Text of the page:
If your affections are warm and tender, your judgment will not be harsh; if they are loving, your judgment will be the same.

Francis de Sales (1567-1622): Introduction to the Devout Life, 3, 28.

Francis de Sales: The Grace of Holy Love Dilates Itself by Continual Increase in Our Souls Thursday, Jun 2 2011 

Our Saviour draws hearts by the delights that he gives them, which make them find heavenly doctrine sweet and agreeable.

At first this sweetness has engaged and fastened the will by its beloved bonds to draw it to the perfect acquiescence and consent of faith.

But, just as God does not fail to exercise his greatness upon us by his holy inspirations, so does not our enemy cease to practise his malice by temptations.

And meantime we remain in full liberty, to consent to the divine drawings or to reject them.

[…]  But if we do not repulse the grace of holy love, it dilates itself by continual increase in our souls, until they are entirely converted; like great rivers, which finding open plains spread themselves, and ever take up more space.

If the inspiration, having drawn us to faith, find no resistance in us, it draws us also to penitence and charity.

S. Peter…raised by the inspiration which came from the eyes of his master, freely allows himself to be moved and carried by this gentle wind of the Holy Ghost.

He looks upon those life-giving eyes which had excited him. He reads as in the book of life the sweet invitation to pardon which the divine clemency offers him.

He draws from it a just motive of hope. He goes out of the court, considers the horror of his sin, and detests it.

He weeps, he sobs, he prostrates his miserable heart before his Saviour’s mercy, craves pardon for his faults, makes a resolution of inviolable loyalty.

And, by this progress of movements, practised by the help of grace which continually conducts, assists, and helps him, he comes at length to the holy remission of his sins, and passes so from grace to grace.

[…] So also the divine inspiration comes to us, moving our wills to sacred love.

And if we do not repulse it, it goes with us and keeps near us, to incite us and ever push us further forwards.

And if we do not abandon it, it does not abandon us, till such time as it has brought us to the haven of most holy charity, performing for us the three good offices which the great angel Raphael fulfilled for his dear Tobias:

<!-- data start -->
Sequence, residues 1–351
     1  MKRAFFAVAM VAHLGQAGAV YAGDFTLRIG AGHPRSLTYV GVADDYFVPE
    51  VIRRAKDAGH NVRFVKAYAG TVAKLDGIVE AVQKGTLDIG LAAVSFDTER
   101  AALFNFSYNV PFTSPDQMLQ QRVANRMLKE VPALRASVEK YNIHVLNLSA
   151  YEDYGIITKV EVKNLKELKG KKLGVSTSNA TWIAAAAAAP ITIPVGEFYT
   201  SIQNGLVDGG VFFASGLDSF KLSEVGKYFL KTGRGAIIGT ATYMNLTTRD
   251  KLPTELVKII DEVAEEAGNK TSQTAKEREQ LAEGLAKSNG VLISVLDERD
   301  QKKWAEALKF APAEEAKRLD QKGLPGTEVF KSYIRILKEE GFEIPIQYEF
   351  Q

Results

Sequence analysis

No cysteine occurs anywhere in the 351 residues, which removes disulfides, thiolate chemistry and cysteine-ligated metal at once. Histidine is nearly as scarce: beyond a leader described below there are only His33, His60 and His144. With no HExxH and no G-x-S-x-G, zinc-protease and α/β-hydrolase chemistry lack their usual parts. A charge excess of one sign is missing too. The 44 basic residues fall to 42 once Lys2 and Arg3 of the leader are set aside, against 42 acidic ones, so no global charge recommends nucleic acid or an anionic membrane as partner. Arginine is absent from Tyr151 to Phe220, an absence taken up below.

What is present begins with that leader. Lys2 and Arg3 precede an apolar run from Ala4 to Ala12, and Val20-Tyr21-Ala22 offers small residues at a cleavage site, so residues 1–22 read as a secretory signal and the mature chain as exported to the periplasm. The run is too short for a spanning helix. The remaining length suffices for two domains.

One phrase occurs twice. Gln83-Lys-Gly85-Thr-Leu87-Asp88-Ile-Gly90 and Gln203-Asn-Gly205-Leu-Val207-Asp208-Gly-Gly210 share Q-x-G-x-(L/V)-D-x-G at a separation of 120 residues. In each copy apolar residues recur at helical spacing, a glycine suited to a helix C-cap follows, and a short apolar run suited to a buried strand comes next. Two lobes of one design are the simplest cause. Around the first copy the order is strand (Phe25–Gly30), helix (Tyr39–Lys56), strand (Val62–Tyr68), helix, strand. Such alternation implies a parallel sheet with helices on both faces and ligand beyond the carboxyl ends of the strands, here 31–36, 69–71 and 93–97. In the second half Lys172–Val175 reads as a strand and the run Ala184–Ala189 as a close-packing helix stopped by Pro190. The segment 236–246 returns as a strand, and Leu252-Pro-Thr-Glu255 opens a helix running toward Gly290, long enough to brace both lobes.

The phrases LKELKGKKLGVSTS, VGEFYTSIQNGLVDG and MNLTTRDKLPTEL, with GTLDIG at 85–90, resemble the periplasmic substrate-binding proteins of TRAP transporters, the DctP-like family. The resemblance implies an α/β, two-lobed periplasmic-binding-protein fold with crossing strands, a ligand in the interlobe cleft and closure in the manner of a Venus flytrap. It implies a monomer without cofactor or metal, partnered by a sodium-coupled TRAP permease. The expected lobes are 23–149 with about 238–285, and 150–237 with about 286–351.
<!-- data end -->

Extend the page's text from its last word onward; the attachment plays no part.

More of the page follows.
For it guides us through all our journey of holy penitence, it preserves us from dangers and from the assaults of the devil, and it consoles, animates, and fortifies us in our difficulties.

Francis de Sales (1567-1622): Treatise on the Love of God, 2,21.

Francis de Sales: Hearing the Word of God with Open and Attentive Hearts Tuesday, Apr 12 2011 

If we remain attentive to the truth of the mysteries which Our Lord teaches us in prayer, how happy we will be!

When we see Him dying upon the Cross for us, what does He not teach us?

“I have died for you,” He says, this Sovereign Lover; “what does My death require but that, as I have died for you, you also should die for Me, or at least live only for Me?” (2 Cor. 5. 14-15).

Oh, how powerfully this truth moves our will to love dearly Him who is so lovable and so worthy of our love!

Truth is the object of the understanding, and love that of the will.

As soon as our understanding learns the truth that Our Lord died for love us, ah, our will is immediately inflamed, conceiving great affection and desire to return this love as much as possible.

These affections make us burn with the desire to please this Sacred Lover so much that nothing is too difficult to do our to suffer; nothing seems impossible….

That is good. Persevere in that truth and all will be well. But we do not!

From this truth, which we have learned in prayer, we turn to vanity in action.

We are angels in prayer and often devils in conversation and action, offending this same God whom we have recognized as being so lovable and so worthy of being obeyed.

We will certainly deserve great punishment if, having known that we are so dearly loved by our good Saviour, we nevertheless are so ungrateful as not to love Him with all heart and power, nor follow with all our strength and all our care the examples He has given us in His life, passion and death.

[…] To avoid such a predicament, my dear souls, we must know how we are to hear and accept God’s word.

We must prepare to ourselves to hear it with the attention it deserves, not as if it were just any other word.

With our hearts thus opened before God, and with the good disposition to profit from what He will say to us, let us remain attentive.

Remember, it is His Majesty who speaks to us and makes known His will.

Thus, with a spirit of devotion and attention, let us hear the truths which the preacher proposes to us.

In obedience let us submit ourselves to the things that are taught us concerning God’s will for our perfection and spiritual advancement.

Let us listen to them and read them with the determination to profit from them.